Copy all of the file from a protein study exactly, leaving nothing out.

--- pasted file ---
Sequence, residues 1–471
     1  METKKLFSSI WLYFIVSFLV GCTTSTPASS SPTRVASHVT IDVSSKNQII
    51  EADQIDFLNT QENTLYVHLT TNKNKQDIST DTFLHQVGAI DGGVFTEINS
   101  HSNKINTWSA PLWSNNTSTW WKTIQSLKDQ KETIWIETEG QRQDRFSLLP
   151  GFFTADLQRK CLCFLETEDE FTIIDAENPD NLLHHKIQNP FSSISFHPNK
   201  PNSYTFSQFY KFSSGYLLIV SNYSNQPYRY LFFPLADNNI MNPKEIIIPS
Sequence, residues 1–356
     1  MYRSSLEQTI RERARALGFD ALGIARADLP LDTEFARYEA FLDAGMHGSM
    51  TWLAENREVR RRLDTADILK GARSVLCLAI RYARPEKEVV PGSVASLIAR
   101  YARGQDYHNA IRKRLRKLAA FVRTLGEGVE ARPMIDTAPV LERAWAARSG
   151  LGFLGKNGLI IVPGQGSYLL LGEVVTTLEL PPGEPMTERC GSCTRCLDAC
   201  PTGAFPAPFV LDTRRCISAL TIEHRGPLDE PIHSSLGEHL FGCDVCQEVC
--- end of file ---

Sequence, residues 1–471
     1  METKKLFSSI WLYFIVSFLV GCTTSTPASS SPTRVASHVT IDVSSKNQII
    51  EADQIDFLNT QENTLYVHLT TNKNKQDIST DTFLHQVGAI DGGVFTEINS
   101  HSNKINTWSA PLWSNNTSTW WKTIQSLKDQ KETIWIETEG QRQDRFSLLP
   151  GFFTADLQRK CLCFLETEDE FTIIDAENPD NLLHHKIQNP FSSISFHPNK
   201  PNSYTFSQFY KFSSGYLLIV SNYSNQPYRY LFFPLADNNI MNPKEIIIPS
Sequence, residues 1–356
     1  MYRSSLEQTI RERARALGFD ALGIARADLP LDTEFARYEA FLDAGMHGSM
    51  TWLAENREVR RRLDTADILK GARSVLCLAI RYARPEKEVV PGSVASLIAR
   101  YARGQDYHNA IRKRLRKLAA FVRTLGEGVE ARPMIDTAPV LERAWAARSG
   151  LGFLGKNGLI IVPGQGSYLL LGEVVTTLEL PPGEPMTERC GSCTRCLDAC
   201  PTGAFPAPFV LDTRRCISAL TIEHRGPLDE PIHSSLGEHL FGCDVCQEVC